What is a digital comic file? (DRM, CBZ, CBR, etc)

Re-Updated on 2014-09-10


Comic books served digitally come in many different forms. These can be broken down into two categories of digital comics, those protected with digital rights management (DRM) and those without. The former can come in many shapes and sizes, where the most popular is those delivered by Comixology. These are typically not ‘files,’ but a proprietary viewer that allows the user to read the comics. The user does not ‘own’ the comics and the service is ‘allowing’ the user to read the comics they purchase. It works and it can work well, but you are at the mercy of the company you buy from since you do not ‘own’ them.

This is where comic files that are not DRM protected come in play. You can think of these types of files as any other you may have on your computer, such as a picture, word document, or PDF file. The files have no built-in protection and can be viewed by a variety of readers. There is no standard file format for comic files, but there is a de-facto standard.

You may see a variety of formats for DRM-unprotected comic files:

  • CBZ
  • CBR
  • CB7
  • CBT
  • CBA
  • CB and some other letter

 

What this represents in the file’s extension. For instance, you may see a comic file named “XMen 013.cbz”. This is X-Men issue #13 in the CBZ format. The good thing is that you don’t need to care. The ones that are bold are the ones you typically encounter and the vast majority of comic reader applications support both.

A comic file is merely a ‘zipping’ of a set of images. In this case, the ‘Z’ in CBZ indicates this uses zip compression, the most common method for file compression. If you want to learn how to create a comic file, read the earlier post.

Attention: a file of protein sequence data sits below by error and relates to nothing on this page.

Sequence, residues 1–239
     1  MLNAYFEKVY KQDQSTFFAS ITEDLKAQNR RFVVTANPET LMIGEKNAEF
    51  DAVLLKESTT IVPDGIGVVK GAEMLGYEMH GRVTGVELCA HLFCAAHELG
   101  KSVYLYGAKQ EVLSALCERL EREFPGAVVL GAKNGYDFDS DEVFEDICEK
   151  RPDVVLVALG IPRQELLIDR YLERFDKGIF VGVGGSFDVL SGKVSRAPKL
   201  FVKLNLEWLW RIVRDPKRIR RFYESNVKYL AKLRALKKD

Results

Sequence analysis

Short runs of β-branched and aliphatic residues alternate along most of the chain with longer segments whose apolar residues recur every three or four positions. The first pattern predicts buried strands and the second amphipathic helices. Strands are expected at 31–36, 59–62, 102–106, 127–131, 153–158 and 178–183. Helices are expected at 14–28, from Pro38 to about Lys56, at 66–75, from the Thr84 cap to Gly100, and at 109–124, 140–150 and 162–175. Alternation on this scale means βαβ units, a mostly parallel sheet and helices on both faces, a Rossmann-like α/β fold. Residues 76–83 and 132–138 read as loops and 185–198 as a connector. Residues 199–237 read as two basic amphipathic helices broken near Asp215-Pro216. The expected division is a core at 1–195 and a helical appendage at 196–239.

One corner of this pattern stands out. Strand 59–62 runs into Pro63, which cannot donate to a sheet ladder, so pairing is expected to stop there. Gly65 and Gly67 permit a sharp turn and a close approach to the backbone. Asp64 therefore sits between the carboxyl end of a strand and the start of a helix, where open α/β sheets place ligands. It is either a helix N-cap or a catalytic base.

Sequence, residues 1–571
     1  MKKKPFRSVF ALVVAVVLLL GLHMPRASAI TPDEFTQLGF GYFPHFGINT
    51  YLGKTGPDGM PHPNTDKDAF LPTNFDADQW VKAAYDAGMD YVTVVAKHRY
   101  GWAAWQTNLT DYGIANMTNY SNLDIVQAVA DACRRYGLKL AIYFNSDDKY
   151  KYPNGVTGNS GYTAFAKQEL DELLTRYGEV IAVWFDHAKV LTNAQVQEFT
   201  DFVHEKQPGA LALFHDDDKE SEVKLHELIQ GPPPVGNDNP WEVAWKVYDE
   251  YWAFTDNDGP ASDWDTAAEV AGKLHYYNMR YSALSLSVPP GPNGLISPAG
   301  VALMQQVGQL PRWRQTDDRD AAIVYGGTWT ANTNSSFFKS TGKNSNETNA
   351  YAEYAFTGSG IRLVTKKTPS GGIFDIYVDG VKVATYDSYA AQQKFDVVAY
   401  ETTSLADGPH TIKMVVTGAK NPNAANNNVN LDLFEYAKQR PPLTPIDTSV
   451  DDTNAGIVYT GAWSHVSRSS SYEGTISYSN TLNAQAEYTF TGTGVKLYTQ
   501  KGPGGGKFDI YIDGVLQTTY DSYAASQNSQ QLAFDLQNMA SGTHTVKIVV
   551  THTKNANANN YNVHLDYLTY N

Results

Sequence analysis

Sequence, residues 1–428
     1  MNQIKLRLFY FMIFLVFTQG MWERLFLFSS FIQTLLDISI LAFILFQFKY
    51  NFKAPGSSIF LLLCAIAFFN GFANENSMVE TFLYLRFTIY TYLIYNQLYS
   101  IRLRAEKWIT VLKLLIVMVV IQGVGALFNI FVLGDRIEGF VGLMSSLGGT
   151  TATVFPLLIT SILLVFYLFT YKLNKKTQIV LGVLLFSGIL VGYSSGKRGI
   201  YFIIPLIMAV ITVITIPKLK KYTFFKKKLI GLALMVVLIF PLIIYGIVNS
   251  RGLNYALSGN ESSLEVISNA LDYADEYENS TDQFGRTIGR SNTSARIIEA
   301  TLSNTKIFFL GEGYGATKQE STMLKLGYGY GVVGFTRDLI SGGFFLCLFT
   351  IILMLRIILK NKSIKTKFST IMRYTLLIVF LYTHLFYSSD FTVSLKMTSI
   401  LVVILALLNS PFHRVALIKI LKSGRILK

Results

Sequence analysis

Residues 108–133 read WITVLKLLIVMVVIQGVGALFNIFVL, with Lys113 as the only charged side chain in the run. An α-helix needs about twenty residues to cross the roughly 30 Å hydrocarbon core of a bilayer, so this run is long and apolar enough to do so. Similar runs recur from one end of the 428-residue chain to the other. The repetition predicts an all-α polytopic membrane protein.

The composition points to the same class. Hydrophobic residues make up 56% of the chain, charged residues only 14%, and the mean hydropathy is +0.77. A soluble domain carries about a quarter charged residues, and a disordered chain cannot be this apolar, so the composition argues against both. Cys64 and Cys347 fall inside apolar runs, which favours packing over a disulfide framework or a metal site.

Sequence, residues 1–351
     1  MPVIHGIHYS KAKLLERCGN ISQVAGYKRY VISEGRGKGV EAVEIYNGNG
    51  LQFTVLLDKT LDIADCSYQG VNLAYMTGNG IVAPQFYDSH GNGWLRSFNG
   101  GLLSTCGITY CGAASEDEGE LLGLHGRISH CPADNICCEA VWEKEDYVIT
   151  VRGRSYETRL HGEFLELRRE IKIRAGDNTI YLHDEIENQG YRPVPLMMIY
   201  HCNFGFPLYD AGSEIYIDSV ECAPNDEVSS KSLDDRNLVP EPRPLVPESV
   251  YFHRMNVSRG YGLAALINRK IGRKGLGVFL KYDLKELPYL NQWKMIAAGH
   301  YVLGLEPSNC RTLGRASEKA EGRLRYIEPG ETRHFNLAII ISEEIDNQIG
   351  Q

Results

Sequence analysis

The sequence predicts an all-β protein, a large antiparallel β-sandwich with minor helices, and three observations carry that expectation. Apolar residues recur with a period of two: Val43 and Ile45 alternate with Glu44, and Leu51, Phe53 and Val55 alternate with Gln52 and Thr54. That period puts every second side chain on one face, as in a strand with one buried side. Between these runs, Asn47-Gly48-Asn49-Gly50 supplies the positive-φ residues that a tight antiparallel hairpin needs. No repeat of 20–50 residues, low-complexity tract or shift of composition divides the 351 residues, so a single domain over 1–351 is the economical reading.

Now, you say, how do I get DRM-free comic files? As of very recently, there are now several publishers that distribute their comics in CBZ format, such as Image Comics. You can also get an increasing number from digital publishers, such as Comixology (although they are not all available in CBZ!). Unfortunately, this does not include the top 2 publishers: DC and Marvel. This means that if you want to read comics not available in this format, you will need to create your own files (eg: scan the pages) or download them “some-how.”

Once you have located a comic file you want to read, you can grab a variety of readers, but I would suggest the reader linked to this blog, the Comic Seer readers.

 


Comic Seer for Windows 8.1 and Windows RT tablets

Comic Seer for Windows 8.1 and Windows RT tablets

Comic Seer for the Windows desktop and Linux

Comic Seer for the Windows desktop and Linux


 

 

You can use one of these reading applications to open the files directly. You can also synchronize your files between devices (desktop, laptop, tablet, phone) using typical cloud storage solutions, such as Dropbox or Microsoft’s OneDrive.

If you combine a comic reader with a cloud solution, you can can have a great experience across all of your devices without having to worry about where your files are. This can give you all of the benefits of a DRM-protected digital comic service with the freedom to use your files as you prefer.

 

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